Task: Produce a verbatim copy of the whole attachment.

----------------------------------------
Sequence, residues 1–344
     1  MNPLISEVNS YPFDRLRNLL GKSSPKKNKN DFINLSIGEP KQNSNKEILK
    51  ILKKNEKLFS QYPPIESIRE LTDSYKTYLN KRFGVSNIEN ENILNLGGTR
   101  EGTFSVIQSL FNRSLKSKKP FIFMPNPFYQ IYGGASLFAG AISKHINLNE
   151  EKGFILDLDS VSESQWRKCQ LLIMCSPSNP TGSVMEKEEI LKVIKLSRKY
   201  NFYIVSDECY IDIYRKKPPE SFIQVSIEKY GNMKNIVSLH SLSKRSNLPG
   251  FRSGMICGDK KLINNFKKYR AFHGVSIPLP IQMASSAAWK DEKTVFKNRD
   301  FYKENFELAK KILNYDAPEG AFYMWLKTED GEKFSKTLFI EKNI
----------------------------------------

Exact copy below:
Sequence, residues 1–344
     1  MNPLISEVNS YPFDRLRNLL GKSSPKKNKN DFINLSIGEP KQNSNKEILK
    51  ILKKNEKLFS QYPPIESIRE LTDSYKTYLN KRFGVSNIEN ENILNLGGTR
   101  EGTFSVIQSL FNRSLKSKKP FIFMPNPFYQ IYGGASLFAG AISKHINLNE
   151  EKGFILDLDS VSESQWRKCQ LLIMCSPSNP TGSVMEKEEI LKVIKLSRKY
   201  NFYIVSDECY IDIYRKKPPE SFIQVSIEKY GNMKNIVSLH SLSKRSNLPG
   251  FRSGMICGDK KLINNFKKYR AFHGVSIPLP IQMASSAAWK DEKTVFKNRD
   301  FYKENFELAK KILNYDAPEG AFYMWLKTED GEKFSKTLFI EKNI